A Washington lawyer and public relations powerhouse who has railed against everything from the Environmental Protection Agency to Mothers Against Drunk Driving now has the LEED building standard in his sights.
At a website called LEEDexposed, the building rating system developed by the U.S. Green Building Council is attacked on a number of fronts: for its “questionable science,” its “arbitrary point system,” and its cost to taxpayers.
It didn’t take long for the website and some of its claims to make a splash.
Does energy use intensity matter?
Among the writers who objected to the method as well as the message was Lloyd Alter at the Treehugger website. He focused specifically on assertions that large, privately owned LEED-certified buildings in Washington, D.C., had a higher energy use intensity (EUI) than did non-certified buildings. The conclusions evidently were extracted from a report issued by the District of Columbia late last month.
EUI makes a lousy point of comparison, Alter wrote in a blog posted at Treehugger on March 7, and it’s no mystery why LEED-certified buildings might score higher.
“In fact, this is often the case,” he says, “because LEED buildings are newer and modern office planning packs people in more tightly, with more computers, so that they use more energy per square foot … On its own, EUI isn’t a very useful metric; a bunch of rich old fossil fuel lobbyists in big corner offices are going to use a lot less energy per square foot than the kids packed into the USGBC headquarters.”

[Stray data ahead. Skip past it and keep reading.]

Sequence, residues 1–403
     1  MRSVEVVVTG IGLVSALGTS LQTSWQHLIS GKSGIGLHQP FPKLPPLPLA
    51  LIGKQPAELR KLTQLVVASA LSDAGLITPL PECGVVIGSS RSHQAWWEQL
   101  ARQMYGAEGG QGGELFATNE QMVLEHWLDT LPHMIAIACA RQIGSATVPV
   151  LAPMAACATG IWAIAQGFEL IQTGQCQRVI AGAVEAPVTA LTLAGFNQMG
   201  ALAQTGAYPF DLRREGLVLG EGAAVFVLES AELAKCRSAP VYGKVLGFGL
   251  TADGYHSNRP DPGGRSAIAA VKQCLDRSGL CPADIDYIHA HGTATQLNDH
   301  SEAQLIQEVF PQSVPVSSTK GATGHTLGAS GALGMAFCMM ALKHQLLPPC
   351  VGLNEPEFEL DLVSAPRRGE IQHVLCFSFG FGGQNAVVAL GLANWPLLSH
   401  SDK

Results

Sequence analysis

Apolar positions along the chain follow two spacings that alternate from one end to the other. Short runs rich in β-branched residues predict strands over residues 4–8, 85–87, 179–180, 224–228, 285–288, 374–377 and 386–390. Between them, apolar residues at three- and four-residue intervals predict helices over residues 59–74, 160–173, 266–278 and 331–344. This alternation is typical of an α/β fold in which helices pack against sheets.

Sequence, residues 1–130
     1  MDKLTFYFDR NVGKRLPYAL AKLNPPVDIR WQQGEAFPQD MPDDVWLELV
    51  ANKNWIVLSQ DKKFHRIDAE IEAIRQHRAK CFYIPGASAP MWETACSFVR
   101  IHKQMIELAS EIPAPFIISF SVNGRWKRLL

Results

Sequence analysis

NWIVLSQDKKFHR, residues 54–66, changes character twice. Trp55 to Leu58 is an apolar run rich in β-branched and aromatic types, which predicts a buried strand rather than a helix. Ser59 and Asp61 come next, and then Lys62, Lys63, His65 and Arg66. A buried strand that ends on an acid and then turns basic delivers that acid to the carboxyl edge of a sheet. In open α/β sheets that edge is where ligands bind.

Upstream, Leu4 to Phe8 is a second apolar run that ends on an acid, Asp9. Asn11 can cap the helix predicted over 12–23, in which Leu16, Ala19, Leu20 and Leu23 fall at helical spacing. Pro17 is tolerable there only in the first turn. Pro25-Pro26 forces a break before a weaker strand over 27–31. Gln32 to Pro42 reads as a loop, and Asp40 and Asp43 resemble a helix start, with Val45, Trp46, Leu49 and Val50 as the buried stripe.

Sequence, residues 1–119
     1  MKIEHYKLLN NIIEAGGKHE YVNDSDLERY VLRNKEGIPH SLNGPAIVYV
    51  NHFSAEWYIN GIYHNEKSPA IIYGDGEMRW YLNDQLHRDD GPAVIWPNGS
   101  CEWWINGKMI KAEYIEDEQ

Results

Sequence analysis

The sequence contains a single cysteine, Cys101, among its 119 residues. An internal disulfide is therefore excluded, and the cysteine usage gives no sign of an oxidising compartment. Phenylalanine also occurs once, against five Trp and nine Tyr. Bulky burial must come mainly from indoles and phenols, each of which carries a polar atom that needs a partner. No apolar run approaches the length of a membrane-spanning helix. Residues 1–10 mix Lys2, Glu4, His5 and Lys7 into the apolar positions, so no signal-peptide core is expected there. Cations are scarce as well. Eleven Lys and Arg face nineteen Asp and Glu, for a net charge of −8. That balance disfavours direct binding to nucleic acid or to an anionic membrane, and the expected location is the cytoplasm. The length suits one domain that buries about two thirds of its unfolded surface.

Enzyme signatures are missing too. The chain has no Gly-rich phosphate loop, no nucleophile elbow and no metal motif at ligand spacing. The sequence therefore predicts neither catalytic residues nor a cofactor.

Alter makes the connection between LEEDexposed, a group called the Environmental Policy Alliance, and Washington lawyer Richard Berman, as does Sara Johnson in an an article she wrote for Architect. Berman has a long history of taking on unpopular causes for corporate clients and was the subject of a 60 Minutes segment entitled “Dr. Evil”.
Green is no simple business
The Green Building Council also rebutted the broadside.
“We can tell you that the recent claims made by the fictitious organization ‘Environmental Policy Alliance,’ which runs LEEDexposed, are false,” the USGBC said via email. “As a recent report by the District of Columbia states, Washington’s commercial buildings are exceptionally efficient, scoring on average 77 out of 100 on the ENERGY STAR scale, well above the national median score of 50.
“Commercial buildings in the District of Columbia have reduced their energy consumption by an average of six percent from 2010 to 2012,” the statement continued. “These positive results are due in large part to the District’s use of LEED, the most widely used global green building program.”
Johnson calls the LEEDexposed site an example of “astroturfing.” That phrase describes the antics of organizations that pose as grassroots outfits when they are in fact bankrolled by big corporations trying to to get their message out.
Whoever might ultimately be funding the LEED-bashing site, it’s not the first time the U.S. Green Building Council program has come under attack. It’s been center-stage in such diverse public spats as the ongoing squabble over timber certification to a well-publicized lawsuit filed by Henry Gifford in New York over LEED’s energy-efficiency claims.
In the end, it’s about who gets the competitive edge as green certification gains ground in the marketplace. The U.S. Green Building Council is, after all, competing with a variety of other building-rating programs, such as the Green Globes initiative mentioned at LEEDexposed. A war of words will help determine where the green certification money goes.
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